There were Jewish sects that embraced celibacy (like the Essenes) but Jesus certainly didn't have many of their other characteristics (ultra-strict observance of Sabbath laws, rigid purity standards). However its been a long time since I read about any of this -- I just have the remnants of the ideas left in my head. ;)

I've also heard that celibacy was encouraged because the kindgom was at hand - Christ would be back any minute now, there's no TIME to get married and fulfill the commandment to have children.

Just some thoughts.

Dear Steven,

Cardinal Ratzinger in his little book Daughter Zion: Meditations on the Church's Marian Belief calls virginity "the fruit and flower of married life."

I mention this because I providentially just happened to be reading that when you posted this, and because in the comments above (that I've only skimmed, alas) I think one thing that's missing is the intimate connection between virginity, celibacy and marriage.

Cheers -


I'm not sure where I got that quote, but it's not what Cardinal Ratzinger wrote (I was feverish and half-asleep when I read it). Here's the real quote, from page 16 of Daughter Zion:

For virginity is most intimately connected to the theological foundation of marriage; it does not stand in opposition to marriage, but rather signifies its fruit and confirmation."

Etc. It's a very good little book.

Cheers -


Christina of "Sancta Sanctis" had a nice post on the subject:

It would be impossible not to mention celibacy at this point. Catholics are famous for celibacy. Jesus and Mary were celibates. The Catholic Church is perhaps the only church that teaches that marriage and virginity have equal value. "Whoever denigrates marriage also diminishes the glory of virginity," said St. John Chrysostom..."Whoever praises it makes virginity more admirable and resplendent. What appears good only in comparison with evil would not be truly good. The most excellent good is something even better than what is admitted to be good." I've already cited the late Fr. Henri Nouwen elsewhere, for pointing out that marriage vows are so closely related to vows of celibacy that a blow to celibacy is a blow to marriage and an attack on marriage is an attack on celibacy. Mark Shea keeps a "Show me a culture that despises virginity . . ." file of articles that range in topic from abortion, pornographic sex ed material, militant gay activism, and you name it. A culture that despises virginity also despises marriage--and therefore despises life.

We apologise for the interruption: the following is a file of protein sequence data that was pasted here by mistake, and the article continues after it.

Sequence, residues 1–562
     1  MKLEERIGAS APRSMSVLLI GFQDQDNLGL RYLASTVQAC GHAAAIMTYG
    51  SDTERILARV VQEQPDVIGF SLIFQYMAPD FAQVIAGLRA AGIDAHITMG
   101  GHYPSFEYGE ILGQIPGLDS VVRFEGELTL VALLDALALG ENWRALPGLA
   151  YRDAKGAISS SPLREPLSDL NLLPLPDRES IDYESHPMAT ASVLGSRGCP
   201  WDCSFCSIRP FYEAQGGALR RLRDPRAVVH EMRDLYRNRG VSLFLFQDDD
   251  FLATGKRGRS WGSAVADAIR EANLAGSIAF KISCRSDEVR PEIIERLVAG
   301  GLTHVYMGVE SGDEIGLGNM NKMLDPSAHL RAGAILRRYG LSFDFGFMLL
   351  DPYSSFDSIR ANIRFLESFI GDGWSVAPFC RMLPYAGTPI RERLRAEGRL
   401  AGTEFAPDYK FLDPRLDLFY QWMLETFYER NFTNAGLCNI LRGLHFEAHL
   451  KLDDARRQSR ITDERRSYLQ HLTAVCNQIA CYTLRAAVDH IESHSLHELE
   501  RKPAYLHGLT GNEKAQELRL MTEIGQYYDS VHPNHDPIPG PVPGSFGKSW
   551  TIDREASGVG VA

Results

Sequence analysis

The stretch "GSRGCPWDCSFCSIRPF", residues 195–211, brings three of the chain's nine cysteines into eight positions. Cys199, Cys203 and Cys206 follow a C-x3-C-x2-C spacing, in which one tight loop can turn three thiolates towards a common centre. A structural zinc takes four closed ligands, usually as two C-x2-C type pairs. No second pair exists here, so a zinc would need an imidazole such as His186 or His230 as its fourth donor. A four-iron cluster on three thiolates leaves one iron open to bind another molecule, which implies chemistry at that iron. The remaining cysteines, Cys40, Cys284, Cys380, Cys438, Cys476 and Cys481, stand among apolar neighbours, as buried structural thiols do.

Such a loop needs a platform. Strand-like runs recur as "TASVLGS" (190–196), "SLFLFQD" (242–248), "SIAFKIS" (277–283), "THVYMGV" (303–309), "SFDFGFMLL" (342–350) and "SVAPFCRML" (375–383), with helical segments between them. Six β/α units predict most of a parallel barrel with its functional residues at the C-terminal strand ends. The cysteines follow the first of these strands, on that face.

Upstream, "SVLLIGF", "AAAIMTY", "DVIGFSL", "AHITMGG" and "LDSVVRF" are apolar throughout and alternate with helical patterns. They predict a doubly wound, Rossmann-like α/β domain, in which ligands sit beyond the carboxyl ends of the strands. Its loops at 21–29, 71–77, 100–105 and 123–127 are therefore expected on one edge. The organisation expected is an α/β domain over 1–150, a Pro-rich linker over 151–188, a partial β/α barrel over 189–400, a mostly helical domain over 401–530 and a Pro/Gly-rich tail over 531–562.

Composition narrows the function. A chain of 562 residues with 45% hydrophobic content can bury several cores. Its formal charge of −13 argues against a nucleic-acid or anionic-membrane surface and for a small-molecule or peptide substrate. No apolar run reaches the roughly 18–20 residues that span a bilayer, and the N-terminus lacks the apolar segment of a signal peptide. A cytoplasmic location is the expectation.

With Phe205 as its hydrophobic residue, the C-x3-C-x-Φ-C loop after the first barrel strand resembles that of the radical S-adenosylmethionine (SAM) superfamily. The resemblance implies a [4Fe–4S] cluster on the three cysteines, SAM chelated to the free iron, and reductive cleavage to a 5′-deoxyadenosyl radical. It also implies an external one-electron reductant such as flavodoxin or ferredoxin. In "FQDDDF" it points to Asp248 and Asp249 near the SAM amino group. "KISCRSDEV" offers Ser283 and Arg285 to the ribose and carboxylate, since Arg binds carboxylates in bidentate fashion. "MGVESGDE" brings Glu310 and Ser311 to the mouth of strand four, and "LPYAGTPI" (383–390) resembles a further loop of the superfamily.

Don't celibates also despise life? They don't have sex, after all, so they can't be open to life. The answer to this is one of the most beautiful of Catholic paradoxes. Of all religions in the world, only Catholicism teaches that celibacy can be as fruitful as marriage. This is why we call priests "Father": they are our spiritual fathers who give us the fruits of spiritual parenthood. And this is why we can honor a Virgin as the "Mother of all the living."

Hang on a bit.....Mary was not celibate. She was a virgin (according to the Church), but she was not living the celibate life, she was living in a marriage. Even if it was a sexless marriage, doesn't that mean she was NOT celibate?

Did she do without all the physical love? or just without intercourse? Did Joseph not hug her and sleep with her and hold her in his arms to comfort her?

What kind of a "marriage" were they living if it was celibate? As any married person will tell you, there's a lot more to married life than sex. And as most celibates I've spoken to have said - the thing you miss is not the sex, it's the intimacy with another human being.

And why do people say that Jesus is celibate?

*curious minds want to know!*

Dear Talmida,

What suggests that He was not? Jewish tradition certainly suggests it. On the other hand, if we are to understand that He knew who He was, there would certainly be some hesitation on His part in being married and forming offspring half man/half God as in some Greek Myth. Moreover, there is nothing in any of the texts that suggest that He might have been married.